The Next Bursting Bubble
Mar 13th 2012 3:35PM
Updated Mar 13th 2012 4:14PM
Try to name the type of debt associated with these figures: total debt of $870 billion, 66% of which is owed by those under 40 years old, and an estimated 21% of which is delinquent. It might sound like a subprime mortgage snapshot from 2007, but these numbers exist right now -- in student debt. Here are the facts behind this bubble and what it means for the future.
Looking for new opportunity
Given the bleak unemployment picture, many high school graduates, the jobless, and the underemployed have returned to school in hopes of improving their ability to get a better job. This, in part, has led to the ever-growing balance of student debt. In 1999, outstanding student debt totaled $90 billion. Today, a Federal Reserve study pegs student debt at that $870 billion figure. But students will just pay off this debt once they graduate, correct?
Unfortunately, a large number of these students will not graduate. A study done on public institutions found that only 60.4% of full-time students and 24.3% of part-time students earned a bachelor's degree within eight years. For-profit education reveals even more dismal figures, according to the Senate Health, Education, Labor, and Pensions Committee:
|Bridgepoint Education (NYS: BPI)||Ashford University||84%|
|Washington Post (NYS: WPO)||Kaplan||69%|
|Corinthian (NAS: COCO)||Everest, Heald, WyoTech||66%|
|Apollo (NAS: APOL)||University of Phoenix||66%|
|EDMC (NAS: EDMC)||The Art Institute, Argosy, Brown Mackie||64%|
*Withdrawal rate for associate degree students enrolling in 2008-2009, as of Sept. 30, 2010.
Those who go back to school potentially find themselves in a worse off situation, still without a job and degree, but now strained by thousands of dollars of debt. Those under 30 years old owe almost 34% of the total debt, and unfortunately those aged 16 to 24 are about twice as likely to be unemployed than the general population. As The Wall Street Journal reported, even those with jobs have seen decreased wages: "the average inflation-adjusted hourly wage for male college graduates aged 23 to 29 dropped 11% over the past decade to $21.68 in 2011. For female college graduates of the same age, the average wage is down 7.6% to $18.80."
What if this seemingly unbalanced equation of more debt and less pay does not solve itself -- and loans continue to default?
Educational loans typically are not eligible to be wiped from a person's debt when declaring bankruptcy. Also, there aren't any material objects to repossess from someone who defaults on education. But the government can take other steps such as garnishing wages or taking your tax refund. This means student debt will stick around, and as the National Association of Consumer Bankruptcy Attorneys concludes, consumers are "unable to afford to engage in consumer spending that sustains a growing economy." Simply put, for every $200 that goes to pay off that student loan, one fewer iPhone can be bought -- and that totals 4.35 billion iPhones not bought.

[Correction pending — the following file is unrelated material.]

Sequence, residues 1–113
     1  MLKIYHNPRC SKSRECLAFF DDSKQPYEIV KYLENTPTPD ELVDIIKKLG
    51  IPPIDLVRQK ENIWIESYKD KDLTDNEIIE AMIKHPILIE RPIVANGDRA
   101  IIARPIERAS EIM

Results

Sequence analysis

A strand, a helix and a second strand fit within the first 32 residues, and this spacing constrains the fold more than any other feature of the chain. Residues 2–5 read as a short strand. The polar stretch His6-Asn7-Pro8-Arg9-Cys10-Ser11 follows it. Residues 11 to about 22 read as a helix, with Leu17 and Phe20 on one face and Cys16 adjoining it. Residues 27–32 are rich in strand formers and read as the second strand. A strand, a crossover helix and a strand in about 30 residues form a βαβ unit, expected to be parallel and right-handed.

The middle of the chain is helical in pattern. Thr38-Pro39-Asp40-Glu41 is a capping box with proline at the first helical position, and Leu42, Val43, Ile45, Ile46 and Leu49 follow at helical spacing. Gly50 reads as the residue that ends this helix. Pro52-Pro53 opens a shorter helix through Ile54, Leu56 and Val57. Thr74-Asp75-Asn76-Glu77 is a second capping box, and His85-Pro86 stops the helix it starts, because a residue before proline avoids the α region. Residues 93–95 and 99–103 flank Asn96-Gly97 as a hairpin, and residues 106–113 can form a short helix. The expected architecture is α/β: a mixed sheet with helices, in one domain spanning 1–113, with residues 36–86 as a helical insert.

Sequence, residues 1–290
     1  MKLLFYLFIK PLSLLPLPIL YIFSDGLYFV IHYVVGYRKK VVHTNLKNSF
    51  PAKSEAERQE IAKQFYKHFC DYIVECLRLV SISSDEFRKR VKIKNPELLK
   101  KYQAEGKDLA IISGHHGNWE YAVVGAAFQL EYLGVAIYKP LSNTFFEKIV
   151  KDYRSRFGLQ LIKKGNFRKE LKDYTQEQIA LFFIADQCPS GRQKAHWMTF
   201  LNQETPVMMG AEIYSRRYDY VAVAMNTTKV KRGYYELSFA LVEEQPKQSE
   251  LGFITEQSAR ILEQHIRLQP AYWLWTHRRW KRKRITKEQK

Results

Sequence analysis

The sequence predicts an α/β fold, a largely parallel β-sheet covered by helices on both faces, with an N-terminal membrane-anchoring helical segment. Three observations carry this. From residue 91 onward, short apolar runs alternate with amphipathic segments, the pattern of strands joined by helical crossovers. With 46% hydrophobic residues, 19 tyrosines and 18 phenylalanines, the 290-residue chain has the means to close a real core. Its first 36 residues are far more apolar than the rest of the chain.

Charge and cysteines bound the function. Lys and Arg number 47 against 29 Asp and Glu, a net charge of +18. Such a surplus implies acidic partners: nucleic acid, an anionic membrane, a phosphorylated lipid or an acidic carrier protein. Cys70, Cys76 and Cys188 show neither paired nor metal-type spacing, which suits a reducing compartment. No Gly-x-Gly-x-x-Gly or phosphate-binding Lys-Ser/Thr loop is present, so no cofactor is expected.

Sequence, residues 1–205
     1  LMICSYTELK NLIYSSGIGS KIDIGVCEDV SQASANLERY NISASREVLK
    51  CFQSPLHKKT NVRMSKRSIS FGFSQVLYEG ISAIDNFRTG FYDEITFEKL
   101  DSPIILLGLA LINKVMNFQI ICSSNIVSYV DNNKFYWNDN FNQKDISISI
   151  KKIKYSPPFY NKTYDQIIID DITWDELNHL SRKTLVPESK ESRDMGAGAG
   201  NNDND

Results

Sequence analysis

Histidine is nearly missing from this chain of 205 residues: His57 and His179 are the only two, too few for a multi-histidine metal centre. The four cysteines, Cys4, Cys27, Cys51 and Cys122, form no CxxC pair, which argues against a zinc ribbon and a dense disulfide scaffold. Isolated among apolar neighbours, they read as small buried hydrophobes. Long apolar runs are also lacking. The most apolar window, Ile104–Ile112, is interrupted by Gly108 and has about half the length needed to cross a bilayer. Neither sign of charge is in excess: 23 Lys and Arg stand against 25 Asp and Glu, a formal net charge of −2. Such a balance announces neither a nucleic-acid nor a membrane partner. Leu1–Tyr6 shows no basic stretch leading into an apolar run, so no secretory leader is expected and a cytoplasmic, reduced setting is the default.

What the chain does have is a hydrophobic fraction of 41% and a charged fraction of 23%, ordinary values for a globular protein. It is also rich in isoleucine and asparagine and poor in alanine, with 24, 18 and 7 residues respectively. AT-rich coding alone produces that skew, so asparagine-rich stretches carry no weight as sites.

The White House offered one solution. Currently, the law limits monthly student loan payments to 15% of discretionary income, and forgiveness of the loan after 25 years, with a planned reduction in 2014 to 10% of discretionary income and forgiveness after 20 years. Last October, Obama issued an executive order to speed the eventual reductions to take effect this year as opposed to the scheduled 2014. This order only affects those who took out loans in 2008 or later.
The NACBA, being a group of bankruptcy lawyers, proposes another solution of allowing student debt to be discharged in bankruptcy again, as it was prior to 1976. It cites that there were few abuses of the system and that "fewer than one percent of all federally insured and guaranteed educational loans were discharged in bankruptcy." And currently, with the inability of student debt to be swept away by bankruptcy, private educational lenders enjoy an extreme protection from default. No doubt the guaranteed nature of these debts entices lenders -- and for-profit schools -- to push more debt upon potential students.
This bubble may slowly deflate instead of pop. Students will have to weigh rising tuition rates with the new reality of falling incomes after graduation. I would also expect to see more regulation around the for-profit education industry, as Pew Research shows that even though only 9% of students attend for-profit institutions, they make up an astounding 44% of all loan defaults.
And most important to the economy, we might already be seeing the drag on spending that these loans cause. Short of complete forgiveness of this debt, this bubble will float around for decades.
At the time this article was published Fool contributor Dan Newman wouldn't be surprised to see tuition reach $1 billion per semester. He also holds no shares of the companies mentioned above. Follow him @TMFHelloNewman. The Motley Fool owns shares of Bridgepoint Education. Try any of our Foolish newsletter services free for 30 days. We Fools may not all hold the same opinions, but we all believe that considering a diverse range of insights makes us better investors. The Motley Fool has a disclosure policy.
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